Blog 200: 4.11.14-4.12.4

It is a fact often cited (too often?) that Calvin did not regard church discipline as a mark of the church, insisting instead on two marks: faithful preaching and the right administration of the sacraments. This is often said to make Calvin differ from, among others, the Scottish brothers as seen in the Scots Confession. But this conclusion is premature. In insisting upon the right administration of the sacraments Calvin presupposes a measure of discipline.
Calvin could not be clearer as to the need for discipline (4.12.1). It is the duty of pastors and presbyters (two separate offices in Calvin's view) "not only to preach to the people, but to warn and exhort in every house, wherever they are not effective enough in general instruction" (4.12.2). If the errant believer refuses to heed a second time, in the presence of witnesses, he is to be called before "a tribunal" (Calvin/Geneva's consistory). In a day when democratic religion governs the church, the very mention of church discipline conveys something intrusive and a violation of personal freedom. No such qualms in Calvin's day and no such qualms in Paul's day either!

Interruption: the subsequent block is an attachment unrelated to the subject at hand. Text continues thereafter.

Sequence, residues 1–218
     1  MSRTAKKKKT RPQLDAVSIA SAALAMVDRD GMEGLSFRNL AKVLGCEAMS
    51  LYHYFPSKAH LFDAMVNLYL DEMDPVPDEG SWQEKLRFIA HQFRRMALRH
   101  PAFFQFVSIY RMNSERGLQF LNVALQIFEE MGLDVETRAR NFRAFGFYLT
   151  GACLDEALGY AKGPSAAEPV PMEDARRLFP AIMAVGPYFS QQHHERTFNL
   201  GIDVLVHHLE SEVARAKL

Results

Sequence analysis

For a healthy church, Calvin advocates both formative and corrective discipline. It's goal is the restoration of holiness. In its corrective form, it includes warning, correction, rebuke, admonition and ultimately excommunication. With some irony, Calvin concludes: "Those who trust that without this bond of discipline the church can long stand are, I say, mistaken; unless, perhaps, we can with impunity go without that aid which the Lord foresaw would be necessary for us" (4.12.4).

And what Calvin say of the church today?